Classification of wine is simple in concept. You just need to realize that in essence the classification system divides wine into two large categories: European and non-European wines. In Europe, wines are grouped based on the regions they are made in. Outside Europe, wines are classified based more on the type of grapes used in the making. Within the context of European classification, France has a variety of denomination systems to identify wine products, using terroir as their basis. Classification ranges from table wine to Appellation d’Origine Controlee (AOC). Different regions may implement different classifications but the basic concept remains the same. Portugal pioneered this classification system in 1756. In 2002, Germany developed a similar system. Italy, Greece, and Spain, on the other hand, classify their wines based on both origin and quality.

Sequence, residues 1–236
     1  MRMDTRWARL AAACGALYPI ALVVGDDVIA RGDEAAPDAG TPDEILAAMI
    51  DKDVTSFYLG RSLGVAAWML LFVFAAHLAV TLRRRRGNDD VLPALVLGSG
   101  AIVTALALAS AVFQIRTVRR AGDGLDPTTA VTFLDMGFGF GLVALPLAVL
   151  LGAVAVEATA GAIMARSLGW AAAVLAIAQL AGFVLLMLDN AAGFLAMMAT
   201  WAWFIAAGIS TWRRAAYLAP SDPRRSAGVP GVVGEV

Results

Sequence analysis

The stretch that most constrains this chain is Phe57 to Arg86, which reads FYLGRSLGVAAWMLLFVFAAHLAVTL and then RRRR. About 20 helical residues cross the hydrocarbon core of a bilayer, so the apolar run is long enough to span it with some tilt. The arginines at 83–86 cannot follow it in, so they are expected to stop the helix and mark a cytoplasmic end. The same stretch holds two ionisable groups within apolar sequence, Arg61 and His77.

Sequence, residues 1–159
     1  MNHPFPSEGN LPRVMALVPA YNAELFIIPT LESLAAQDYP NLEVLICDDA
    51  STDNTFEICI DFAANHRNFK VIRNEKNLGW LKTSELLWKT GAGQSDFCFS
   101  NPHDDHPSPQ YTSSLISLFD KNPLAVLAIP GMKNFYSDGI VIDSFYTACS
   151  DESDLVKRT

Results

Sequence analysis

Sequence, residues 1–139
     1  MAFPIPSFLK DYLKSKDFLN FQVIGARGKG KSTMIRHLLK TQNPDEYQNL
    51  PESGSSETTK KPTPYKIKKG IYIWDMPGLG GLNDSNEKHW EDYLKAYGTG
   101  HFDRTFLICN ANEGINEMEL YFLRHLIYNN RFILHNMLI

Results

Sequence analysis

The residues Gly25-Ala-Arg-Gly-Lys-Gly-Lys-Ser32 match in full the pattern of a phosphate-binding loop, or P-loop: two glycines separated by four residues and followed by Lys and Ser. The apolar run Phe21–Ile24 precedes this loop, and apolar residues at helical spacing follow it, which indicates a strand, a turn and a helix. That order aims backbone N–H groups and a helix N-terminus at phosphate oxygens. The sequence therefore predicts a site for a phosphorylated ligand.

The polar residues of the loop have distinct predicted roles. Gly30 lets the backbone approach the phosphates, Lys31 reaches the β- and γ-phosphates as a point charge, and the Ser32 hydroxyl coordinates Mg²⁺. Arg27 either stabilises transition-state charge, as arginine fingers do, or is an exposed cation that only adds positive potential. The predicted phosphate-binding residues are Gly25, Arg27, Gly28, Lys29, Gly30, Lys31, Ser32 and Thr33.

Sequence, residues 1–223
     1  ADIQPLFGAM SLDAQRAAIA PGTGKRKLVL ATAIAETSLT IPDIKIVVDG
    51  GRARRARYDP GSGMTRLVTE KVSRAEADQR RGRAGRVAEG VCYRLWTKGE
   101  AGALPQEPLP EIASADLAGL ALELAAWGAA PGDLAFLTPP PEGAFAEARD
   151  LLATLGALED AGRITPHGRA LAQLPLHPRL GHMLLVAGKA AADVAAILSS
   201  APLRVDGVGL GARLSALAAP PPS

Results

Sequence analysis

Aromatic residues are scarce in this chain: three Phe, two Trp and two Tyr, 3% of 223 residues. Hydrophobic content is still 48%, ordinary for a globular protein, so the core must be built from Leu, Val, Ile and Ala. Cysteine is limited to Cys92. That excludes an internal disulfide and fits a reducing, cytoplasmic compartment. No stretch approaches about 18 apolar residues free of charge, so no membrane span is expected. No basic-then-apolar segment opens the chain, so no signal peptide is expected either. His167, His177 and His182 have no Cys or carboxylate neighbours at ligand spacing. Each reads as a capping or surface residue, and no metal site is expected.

Wines made in countries outside Europe are called New World wines. Classification of this kind of wine is made based on the grapes used in their production but there have been attempts at making products’ quality as another factor to include. Canada rules that wine is a type of alcoholic beverage produced by fermenting (complete or partial) fresh grapes, grape juice, fresh grape-derived products, or all of them altogether. Production of wine outside of Europe involves addition of many other ingredients and materials including aqueous solutions, sugar, invert sugar, glucose or glucose solids, fructose, dextrose, concentrated grape juice, or yeast. Calcium sulphate is also added but in a concentration that when it exists in the finished product does not exceed 0.2%weight by volume. The quantity of calcium carbonate should be added but should not leave the tartaric acid content in the finished wine less than 0.15% weight by volume. Sulphurous acid in the finished wine should not exceed 70 parts/million in free-state or 350 parts/million in combined state.